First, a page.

Turner J.A. (1990) 'Relevance Versus Rigor in Information Systems Research: An Issue of Quality' in Nissen et al. 1990, pp. 597-599

van de Ven A.H. & Huber G.P. (1995) 'Longitudinal Field Research Methods : Studying Processes of Organizational Change', Sage, 1995

Van Maanen J. (Ed.) (1979) 'Qualitative Methodology' Sage, Beverly Hills

Vitalari N.P. (1985) 'The Need for Longitudinal Designs in the Study of Computing Environments' in Mumford et a. (1985), pp. 243-265

Vitalari, N.P. & Venkatesh A. (1991) 'Longitudinal Surveys in Information Systems Research: An Examination of Issues, Methods, and Applications' in Kraemer (1991), pp. 115-140

Walsham G. (1993) 'Interpreting Information Systems in Organizations', Wiley, Chichester, 1993

Walsham G. (1995a) 'The Emergence of Interpretivism in IS Research', Information Systems Research, 6, 4 (1995) 376-394

Walsham G. (1995b) 'Interpretive Case Studies in IS Research: Nature and Method' European J. of Info. Sys. 4, 2 (1995) 74-81

Watson R., Ho T. & Raman K. (1994) 'Culture: a fourth dimension of group support systems' Commun. ACM 37, 10 (October 1994) 45-55

Weber R. (1987) 'Toward a Theory of Artifacts: A Paradigmatic Base for Information Systems Research' Information Systems (Spring 1987) 3-19

Weber R. (Ed.) (1998) 'Archive of Research Information Solicited via ISWorld', at

Weber R. & Wand Y. (1995) 'On the Deep Structure of Information Systems' Information Systems Journal 6, 3 (July 1995) 203-223

Westfall R. (1999) 'An IS Research Relevance Manifesto' Communications of the AIS, Vol. 2 (September 1999), Article 14

Wrigley C.D. (1991) 'Research on EDI: Present and Future' Proc. 4th Int'l EDI Conf., Bled Jugoslavia 10-12 June 1991 353-367

Yin R. (1984, 1994) 'Case Study Research : Design and Methods' Sage, 1st Ed. 1984, 2nd Ed. 1994

Zmud, R.W. (1998) 'Conducting and Publishing Practice-Driven Research', in Larsen,T.J., Levine,L. & DeGross, J.I. (eds) Conference Proceedings of IFIP WG8.2 and WG8.6 joint working conference on Information Systems: Current Issues and Future Changes. Helsinki, Finland Dec 10-13, at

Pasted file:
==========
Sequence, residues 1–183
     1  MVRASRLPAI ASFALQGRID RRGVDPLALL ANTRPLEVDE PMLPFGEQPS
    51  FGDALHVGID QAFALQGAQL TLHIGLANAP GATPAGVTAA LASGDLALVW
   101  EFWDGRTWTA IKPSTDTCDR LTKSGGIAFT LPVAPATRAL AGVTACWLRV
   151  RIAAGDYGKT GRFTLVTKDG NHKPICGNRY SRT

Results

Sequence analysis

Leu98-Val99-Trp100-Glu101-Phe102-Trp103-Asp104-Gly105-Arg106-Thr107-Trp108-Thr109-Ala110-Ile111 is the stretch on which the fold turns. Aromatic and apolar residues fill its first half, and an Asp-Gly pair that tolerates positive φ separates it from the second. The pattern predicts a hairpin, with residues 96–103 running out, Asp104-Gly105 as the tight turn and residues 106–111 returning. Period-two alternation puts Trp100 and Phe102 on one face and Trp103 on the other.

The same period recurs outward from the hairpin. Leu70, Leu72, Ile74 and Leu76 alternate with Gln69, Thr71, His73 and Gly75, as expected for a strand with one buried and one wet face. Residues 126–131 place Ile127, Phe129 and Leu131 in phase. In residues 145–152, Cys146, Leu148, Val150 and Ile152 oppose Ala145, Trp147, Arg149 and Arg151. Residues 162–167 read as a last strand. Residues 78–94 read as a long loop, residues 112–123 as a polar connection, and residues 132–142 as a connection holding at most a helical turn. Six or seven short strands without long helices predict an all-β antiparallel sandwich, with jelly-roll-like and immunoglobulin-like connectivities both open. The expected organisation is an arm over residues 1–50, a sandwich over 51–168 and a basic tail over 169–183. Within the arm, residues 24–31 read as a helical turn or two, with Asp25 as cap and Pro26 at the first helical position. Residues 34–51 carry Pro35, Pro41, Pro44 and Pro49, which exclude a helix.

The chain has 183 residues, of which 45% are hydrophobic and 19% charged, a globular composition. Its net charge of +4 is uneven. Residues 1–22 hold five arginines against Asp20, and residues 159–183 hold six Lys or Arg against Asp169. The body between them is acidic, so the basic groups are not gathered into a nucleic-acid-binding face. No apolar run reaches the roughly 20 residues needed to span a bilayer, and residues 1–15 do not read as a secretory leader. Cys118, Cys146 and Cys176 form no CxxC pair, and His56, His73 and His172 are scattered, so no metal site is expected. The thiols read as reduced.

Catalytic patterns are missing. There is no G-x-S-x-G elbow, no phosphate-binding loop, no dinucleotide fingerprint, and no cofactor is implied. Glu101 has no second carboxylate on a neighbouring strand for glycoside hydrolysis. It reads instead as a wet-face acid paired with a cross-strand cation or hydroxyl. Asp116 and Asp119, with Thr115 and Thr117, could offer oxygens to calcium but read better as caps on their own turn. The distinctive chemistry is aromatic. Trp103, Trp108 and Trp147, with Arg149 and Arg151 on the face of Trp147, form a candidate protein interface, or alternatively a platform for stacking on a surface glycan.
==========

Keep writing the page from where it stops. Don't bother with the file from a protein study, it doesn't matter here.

Zwass V. (1996) 'Electronic Commerce: Structures and Issues' Int'l J. Electronic Commerce 1,1 (Fall 1996) 3-23, at


This paper is a further development on presentations in graduate seminars at the Australian National University between 1989 and 1995, at the Bled Electronic Commerce Conference and at the Johannes-Kepler-Universität Linz in June 1994, at Monash University's Faculty of Business & Electronic Commerce in Churchill, Victoria in April 1996, at the School of Accounting and Information Systems at the University of South Australia, Adelaide, in September 1999, and at the Australian National University's Department of Computer Science in February 2000.

xamaxsmall.gif missing
The content and infrastructure for these community service pages are provided by Roger Clarke through his consultancy company, Xamax.

From the site's beginnings in August 1994 until February 2009, the infrastructure was provided by the Australian National University. During that time, the site accumulated close to 30 million hits. It passed 65 million in early 2021.

Sponsored by the Gallery, Bunhybee Grasslands, the extended Clarke Family, Knights of the Spatchcock and their drummer
Xamax Consultancy Pty Ltd
ACN: 002 360 456
78 Sidaway St, Chapman ACT 2611 AUSTRALIA
Tel: +61 2 6288 6916

Created: 11 October 1995 - Last Amended: 19 April 2000 by Roger Clarke - Site Last Verified: 15 February 2009
This document is at
Mail to Webmaster   -    © Xamax Consultancy Pty Ltd, 1995-2022   -    Privacy Policy